Tonight the Moon will be 87% illuminated, so will look much like the image below, which was also taken when the Moon was 87% illuminated. I’ve marked several features that will be easy to pick out with binoculars. I’ve marked the Apollo mission landing sites as well, although it might be easier to pinpoint those locations with a telescope rather than binoculars.

As you see in the image, the large dark areas on the surface of the Moon are named mare or seas. This is because the early lunar observers in the 17th century thought that these dark patches really were seas of water. We now know that’s not the case at all; these lowland areas of the Moon are actually volcanic lava flows and appear darker than the highland areas because of their high iron and titanium content.

The other easily distinguishable features on the Moon are craters. Almost all of these are impact craters, formed by the collision of an asteroid or comet with the surface of the Moon. The naming convention of naming craters after dead scientists was established in the 17th century. Since 1919 the job of naming craters belongs to the International Astronomical Union (IAU).  It is estimated that there are more than one million craters larger than a half-mile in diameter on the surface of the Moon.

Last but certainly not least, I want to share one of my favorite apps with you, LunaSolCal. It is available for both Android and iOS devices, and there is a Windows version as well. Along with sunrise/ sunset and moonrise/moonset data, you can find out when the different types of twilight start and end, the azimuth of the rising and setting of the Sun and Moon, maximum altitude for Sun and Moon, and much more, for any location on Earth. I use this app constantly and absolutely love it! It is one of the best observational tools I’ve found. And it’s free!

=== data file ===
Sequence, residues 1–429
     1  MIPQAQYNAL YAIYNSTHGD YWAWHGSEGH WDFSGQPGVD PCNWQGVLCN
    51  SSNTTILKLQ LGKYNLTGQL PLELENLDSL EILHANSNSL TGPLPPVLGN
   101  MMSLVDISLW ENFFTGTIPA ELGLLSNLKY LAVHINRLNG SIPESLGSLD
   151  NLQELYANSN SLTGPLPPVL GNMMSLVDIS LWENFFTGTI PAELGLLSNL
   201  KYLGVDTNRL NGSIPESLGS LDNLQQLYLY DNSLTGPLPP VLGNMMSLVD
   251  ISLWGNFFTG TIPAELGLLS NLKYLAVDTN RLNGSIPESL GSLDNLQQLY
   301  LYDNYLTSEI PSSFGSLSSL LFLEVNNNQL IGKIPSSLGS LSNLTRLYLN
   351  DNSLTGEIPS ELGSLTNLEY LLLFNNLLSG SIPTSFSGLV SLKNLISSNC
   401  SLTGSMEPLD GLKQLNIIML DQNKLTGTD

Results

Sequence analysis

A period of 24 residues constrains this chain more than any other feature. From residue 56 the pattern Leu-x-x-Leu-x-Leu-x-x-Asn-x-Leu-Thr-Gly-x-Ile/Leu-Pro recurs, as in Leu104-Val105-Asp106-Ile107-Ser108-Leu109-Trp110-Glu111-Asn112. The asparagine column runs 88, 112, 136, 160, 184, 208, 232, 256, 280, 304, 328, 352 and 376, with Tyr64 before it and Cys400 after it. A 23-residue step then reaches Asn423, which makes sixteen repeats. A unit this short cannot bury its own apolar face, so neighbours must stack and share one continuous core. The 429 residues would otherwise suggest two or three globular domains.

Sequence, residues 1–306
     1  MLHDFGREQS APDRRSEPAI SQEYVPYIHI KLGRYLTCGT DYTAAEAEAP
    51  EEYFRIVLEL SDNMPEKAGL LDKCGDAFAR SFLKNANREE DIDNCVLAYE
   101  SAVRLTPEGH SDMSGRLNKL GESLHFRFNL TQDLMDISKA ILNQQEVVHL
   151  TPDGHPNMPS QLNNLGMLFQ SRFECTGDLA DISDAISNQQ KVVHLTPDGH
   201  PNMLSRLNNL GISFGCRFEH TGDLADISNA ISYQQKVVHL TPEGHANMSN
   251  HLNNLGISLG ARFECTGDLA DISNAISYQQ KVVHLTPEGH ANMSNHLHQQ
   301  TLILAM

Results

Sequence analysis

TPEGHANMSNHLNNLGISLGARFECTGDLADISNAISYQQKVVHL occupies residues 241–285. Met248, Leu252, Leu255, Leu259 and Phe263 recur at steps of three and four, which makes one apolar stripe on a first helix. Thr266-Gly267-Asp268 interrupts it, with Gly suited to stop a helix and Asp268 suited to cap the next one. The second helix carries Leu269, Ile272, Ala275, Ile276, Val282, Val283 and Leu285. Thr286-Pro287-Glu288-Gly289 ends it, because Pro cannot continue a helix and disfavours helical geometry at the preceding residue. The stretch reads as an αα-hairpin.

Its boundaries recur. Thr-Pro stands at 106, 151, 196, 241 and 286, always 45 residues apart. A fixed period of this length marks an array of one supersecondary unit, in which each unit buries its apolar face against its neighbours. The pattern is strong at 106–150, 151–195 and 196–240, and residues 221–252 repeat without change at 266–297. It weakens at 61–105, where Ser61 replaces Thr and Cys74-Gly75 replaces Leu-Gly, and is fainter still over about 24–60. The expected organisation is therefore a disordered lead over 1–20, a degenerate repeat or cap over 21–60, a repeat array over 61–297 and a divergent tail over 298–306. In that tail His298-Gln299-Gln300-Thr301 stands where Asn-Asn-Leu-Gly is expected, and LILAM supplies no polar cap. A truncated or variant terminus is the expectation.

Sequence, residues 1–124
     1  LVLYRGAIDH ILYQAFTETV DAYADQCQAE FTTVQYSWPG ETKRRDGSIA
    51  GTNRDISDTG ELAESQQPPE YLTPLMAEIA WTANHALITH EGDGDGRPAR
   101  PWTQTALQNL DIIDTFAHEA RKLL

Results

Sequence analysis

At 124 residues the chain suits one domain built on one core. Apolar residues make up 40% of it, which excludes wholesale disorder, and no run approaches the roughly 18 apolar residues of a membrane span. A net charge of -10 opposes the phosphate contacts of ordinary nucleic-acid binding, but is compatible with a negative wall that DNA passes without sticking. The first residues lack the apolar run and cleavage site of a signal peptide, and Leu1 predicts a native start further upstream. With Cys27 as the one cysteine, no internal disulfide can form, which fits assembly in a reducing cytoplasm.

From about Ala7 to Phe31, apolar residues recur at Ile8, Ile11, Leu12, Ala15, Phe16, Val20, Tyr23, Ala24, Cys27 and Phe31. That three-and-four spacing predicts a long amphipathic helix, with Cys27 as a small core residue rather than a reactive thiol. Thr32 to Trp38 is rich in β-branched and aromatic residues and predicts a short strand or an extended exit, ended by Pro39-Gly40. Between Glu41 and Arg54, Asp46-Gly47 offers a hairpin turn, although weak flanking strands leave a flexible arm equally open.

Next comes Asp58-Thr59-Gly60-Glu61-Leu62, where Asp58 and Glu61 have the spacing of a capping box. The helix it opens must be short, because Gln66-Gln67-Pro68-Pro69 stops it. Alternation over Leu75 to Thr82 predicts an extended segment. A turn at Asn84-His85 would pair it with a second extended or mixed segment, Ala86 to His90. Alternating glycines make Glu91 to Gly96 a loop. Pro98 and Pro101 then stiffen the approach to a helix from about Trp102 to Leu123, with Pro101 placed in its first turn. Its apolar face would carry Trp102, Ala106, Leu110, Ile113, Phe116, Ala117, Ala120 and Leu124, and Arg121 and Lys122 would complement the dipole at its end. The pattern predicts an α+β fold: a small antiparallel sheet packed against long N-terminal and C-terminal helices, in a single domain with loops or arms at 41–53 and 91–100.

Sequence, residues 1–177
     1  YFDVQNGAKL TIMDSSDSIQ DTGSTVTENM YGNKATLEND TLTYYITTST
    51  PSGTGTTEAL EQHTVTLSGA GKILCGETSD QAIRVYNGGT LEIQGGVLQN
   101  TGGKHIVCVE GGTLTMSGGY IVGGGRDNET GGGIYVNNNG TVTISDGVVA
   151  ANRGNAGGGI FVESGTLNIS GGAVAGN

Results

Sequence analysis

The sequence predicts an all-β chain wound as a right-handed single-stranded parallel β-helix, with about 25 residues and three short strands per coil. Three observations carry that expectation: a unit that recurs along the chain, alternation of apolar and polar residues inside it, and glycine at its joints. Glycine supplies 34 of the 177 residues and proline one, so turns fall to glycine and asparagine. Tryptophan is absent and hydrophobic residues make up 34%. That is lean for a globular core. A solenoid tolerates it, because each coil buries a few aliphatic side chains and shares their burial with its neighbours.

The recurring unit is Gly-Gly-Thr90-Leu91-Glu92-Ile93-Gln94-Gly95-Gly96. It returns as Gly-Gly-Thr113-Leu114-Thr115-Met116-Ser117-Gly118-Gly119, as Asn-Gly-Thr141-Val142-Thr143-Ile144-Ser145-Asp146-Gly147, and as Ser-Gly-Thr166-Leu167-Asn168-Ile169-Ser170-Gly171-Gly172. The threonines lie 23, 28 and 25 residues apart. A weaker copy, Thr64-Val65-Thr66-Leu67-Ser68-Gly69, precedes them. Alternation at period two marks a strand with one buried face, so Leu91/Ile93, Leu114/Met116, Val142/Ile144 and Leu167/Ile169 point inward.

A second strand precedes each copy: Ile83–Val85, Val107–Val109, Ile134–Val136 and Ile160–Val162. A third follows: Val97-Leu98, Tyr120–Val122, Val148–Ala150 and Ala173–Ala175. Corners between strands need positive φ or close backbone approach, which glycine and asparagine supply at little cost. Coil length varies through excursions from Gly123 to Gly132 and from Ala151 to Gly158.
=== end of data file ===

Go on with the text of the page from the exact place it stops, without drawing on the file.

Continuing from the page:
That’s all for now, folks. If you have a particular topic you’d like to see me write about in the future, I’d love to hear from you! Please post your suggestions in the comment section below or email us.

M. Colleen Gino, MRO Assistant Director of Outreach and Communications

Comet Crazy!

People all over the world have been trying to catch a of glimpse of Comet NEOWISE since news of its viewability hit the media early in the month. We avid sky watchers at New Mexico Tech’s Magdalena Ridge Observatory caught our first peek in the early morning hours of July 8 and have been looking out for it since.

The image below was taken at 4:40 AM MDT on July 9 by MROI staff members Dylan Etscorn and Colleen Gino in San Antonio, New Mexico. They were using a Nikon D850 on MROI’s Bachman-Challener Outreach Telescope, a 100mm Takahashi Refractor purchased with funds donated to the MRO Outreach Department in 2017.

On the morning of July 10, they traveled to San Marcial. New Mexico, in the wee hours of the morning to photograph Comet NEOWISE from a trestle bridge, seen below.

With several successful comet encounters under their belts, Dylan and Colleen took the trek up to the Magdalena Ridge Observatory on July 11th with hopes of photographing the comet over the city of Socorro 6,000 feet below. Although the skies were pristinely clear that evening, by the early morning when the comet would be visible monsoon clouds had rolled in and almost totally obscured the comet from view. The view you see in the image below was to be the last morning view of Comet NEOWISE for our enthusiastic observers.

Their next observation of the comet was made almost a week later on July 18, this time in the evening at about 10 PM MDT from a neighborhood with many street lights. While not photographically impressive, this view, seen below, gave our astrophotographers the information they needed to know when and where to look for Comet NEOWISE on future observing expeditions.

Now knowing where to look, they immediately packed up their gear and drove to darker site, excited to photograph the first evening apparition of the comet, especially since the ion tail was finally visible. But once again the cloudy monsoon skies prevailed, and by the time they got to their dark sky site a mere 10 minutes after their first sighting under the street lights, Comet NEOWISE was mostly obscured by clouds.

At this point we’re keeping our fingers crossed for some clear moments in our seasonally cloudy skies!

M. Colleen Gino, MRO Assistant Director of Outreach and Communications